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Matching theory evolved from an earlier framework called 'search theory'.
Where search theory studies the microeconomic decision of an individual searcher, matching theory studies the macroeconomic outcome when one or more types of searchers interact.
A matching function is in general analogous to a production function.
But whereas a production function usually represents the production of goods and services from inputs like labor and capital, a matching function represents the formation of new relationships from the pools of available unmatched individuals.
(For simplicity, we are ignoring the entry of new workers into the labor force, and death or retirement of old workers, but these issues can be accounted for as well.) Suppose we write the number of workers employed in period as a fixed constant.
But the fraction of workers separating per period of time can be determined endogenously if we assume that the value of being matched varies over time for each worker-firm pair (due, for example, to changes in productivity).
Genius is taking a complex concept and relating it to an audience in such a way that they would understand it and remember it. It is also refreshing that Paul Oyer unabashedly uses his own experiences of online dating to teach us the basics of economics.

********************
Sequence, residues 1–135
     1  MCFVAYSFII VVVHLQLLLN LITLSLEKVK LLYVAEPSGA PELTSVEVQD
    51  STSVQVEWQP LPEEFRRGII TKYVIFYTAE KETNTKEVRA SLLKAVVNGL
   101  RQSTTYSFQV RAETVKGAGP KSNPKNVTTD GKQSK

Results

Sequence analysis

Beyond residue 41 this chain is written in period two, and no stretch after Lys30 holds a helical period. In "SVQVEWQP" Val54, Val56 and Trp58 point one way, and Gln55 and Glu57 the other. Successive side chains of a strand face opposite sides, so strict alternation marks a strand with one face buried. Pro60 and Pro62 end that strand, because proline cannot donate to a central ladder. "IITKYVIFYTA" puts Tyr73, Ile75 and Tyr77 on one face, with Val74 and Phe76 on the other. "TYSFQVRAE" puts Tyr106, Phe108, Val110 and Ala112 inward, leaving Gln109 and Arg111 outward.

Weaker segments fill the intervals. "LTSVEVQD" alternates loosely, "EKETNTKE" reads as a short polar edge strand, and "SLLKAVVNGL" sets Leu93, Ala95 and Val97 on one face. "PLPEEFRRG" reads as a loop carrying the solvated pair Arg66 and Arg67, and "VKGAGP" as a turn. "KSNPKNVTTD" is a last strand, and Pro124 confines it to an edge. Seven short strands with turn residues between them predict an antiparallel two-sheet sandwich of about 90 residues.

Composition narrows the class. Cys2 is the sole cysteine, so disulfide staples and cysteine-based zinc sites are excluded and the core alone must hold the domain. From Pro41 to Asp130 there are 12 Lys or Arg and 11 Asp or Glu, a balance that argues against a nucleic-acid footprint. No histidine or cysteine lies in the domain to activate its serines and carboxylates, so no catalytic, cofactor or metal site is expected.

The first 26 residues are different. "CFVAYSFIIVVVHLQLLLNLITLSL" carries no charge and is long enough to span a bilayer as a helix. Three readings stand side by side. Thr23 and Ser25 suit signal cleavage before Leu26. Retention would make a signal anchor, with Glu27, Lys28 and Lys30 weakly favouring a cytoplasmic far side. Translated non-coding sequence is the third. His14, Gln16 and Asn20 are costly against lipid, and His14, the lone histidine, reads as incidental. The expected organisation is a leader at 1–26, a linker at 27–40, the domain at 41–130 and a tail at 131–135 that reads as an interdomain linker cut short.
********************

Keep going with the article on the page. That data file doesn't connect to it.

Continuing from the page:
Dating was now dominated by sites like Match.com, e Harmony, and Ok Cupid. It turns out that dating sites are no different than the markets Oyer h Conquering the dating market—from an economist’s point of view After more than twenty years, economist Paul Oyer found himself back on the dating scene—but what a difference a few years made.
Oyer also provides examples with e Bay, financial Web sites, and mo Genius is not reflected solely in whether a person has a unique idea, in my opinion.
Oyer also provides examples with e Bay, financial Web sites, and mostly anything internet related to make his point. While I did notice a few editorial mistakes in the book, this did not detract from the enjoyment of reading it.
And then after noting that more attractive people get more promotions regardless of talent, he considers the argument that this is actually discrimination against unattractive people, only to dismiss it on the grounds that attractive people are in some unspecified way “worth more,” as if to say, “well, that’s all okay then.”On the other hand, I did find the book quick and engaging reading, and many of its examples are relatively interesting.
It’s probably not worth going out of your way to pick this up, but if you want some nonfiction beach reading, it could fit the bill.
For all online daters—and for anyone else swimming in the vast sea of the information economy—this book uses Oyer’s own experiences, and those of millions of others, to help you navigate the key economic concepts that drive the modern age.2.5 stars I shouldn’t have ignored the negative tilt to the reviews of this awkwardly-titled book, but the concept was interesting and so I read it anyway.